These subsequent questions can take a few forms. Sometimes they seek to challenge the assumptions upon which the student based the previous answer until it breaks. Further questions can also be designed to move a student toward greater specificity, either in understanding a rule of law or a particular case. Finally professors use the Socratic method to allow students to come to legal principles on their own through carefully worded questions that spur a particular train of thought.
It's such a blast. It's also very obvious when a student tries to answer the questions when they are unprepared (not always though, some people are just bad at talking in class).

Prof. Dimino then gets to disciplinary matters and makes an appeal for advice...
I called on someone else and plan to call on the lazy student every day for the rest of the semester (or at least a suitably lengthy period short of the whole semester) plus decrease his grade one step for poor class participation, but I suspect such treatment is not nearly severe enough (plus it wastes the time of other members of the class). Have some of you ejected students from the class for such inexcusable behavior? If so, do you let them return for the next class? What happens if they don't leave? What other means are appropriate and effective?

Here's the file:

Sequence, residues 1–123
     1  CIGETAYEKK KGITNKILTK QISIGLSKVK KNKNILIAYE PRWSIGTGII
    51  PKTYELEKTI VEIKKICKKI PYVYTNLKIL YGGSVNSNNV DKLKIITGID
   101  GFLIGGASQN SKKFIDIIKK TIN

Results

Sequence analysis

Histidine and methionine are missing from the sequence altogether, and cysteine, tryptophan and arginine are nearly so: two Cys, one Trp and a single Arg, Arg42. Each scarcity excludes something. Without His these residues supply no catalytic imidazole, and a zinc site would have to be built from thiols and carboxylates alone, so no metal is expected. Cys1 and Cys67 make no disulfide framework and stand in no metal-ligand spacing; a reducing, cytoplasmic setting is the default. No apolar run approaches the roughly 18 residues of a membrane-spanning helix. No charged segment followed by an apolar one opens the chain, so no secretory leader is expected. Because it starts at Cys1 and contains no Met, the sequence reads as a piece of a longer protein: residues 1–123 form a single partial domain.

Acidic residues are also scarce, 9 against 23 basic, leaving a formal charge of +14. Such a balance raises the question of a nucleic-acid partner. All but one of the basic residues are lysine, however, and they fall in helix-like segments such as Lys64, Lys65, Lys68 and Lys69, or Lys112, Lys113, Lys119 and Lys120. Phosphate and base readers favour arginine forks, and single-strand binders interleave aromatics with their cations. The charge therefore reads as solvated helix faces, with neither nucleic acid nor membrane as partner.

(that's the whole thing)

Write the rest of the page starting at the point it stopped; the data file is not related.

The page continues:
I was a little taken aback by this. Maybe that's because I have never seen anything this bad happen in one of my classes. Sure, I've seen people unprepared. It happens. Usually, being embarrassed in front of the class is enough to get that person back in line and reading the material.

The comments section of the post are incredibly interesting. One commenter, Angry Law Student, thinks that Prof. Dimino is way off base. "The student, having paid a substantial amount of money for his responsibility, may shirk that responsibility [learning] to whatever extent he chooses. If he suffers for it, it should only be with regards to his understanding of the material and resulting poor grade on the exam." Prof. Ethan Leib retorts, "it is simply impossible for us to do our job well if students don't do the reading and refuse to let the classroom be a forum for engagement. Students are not paying to be lectured at; that's what they pay for when they pay for their bar courses. You are paying for a lot more -- and some of that added value can only be accomplished if you do your part."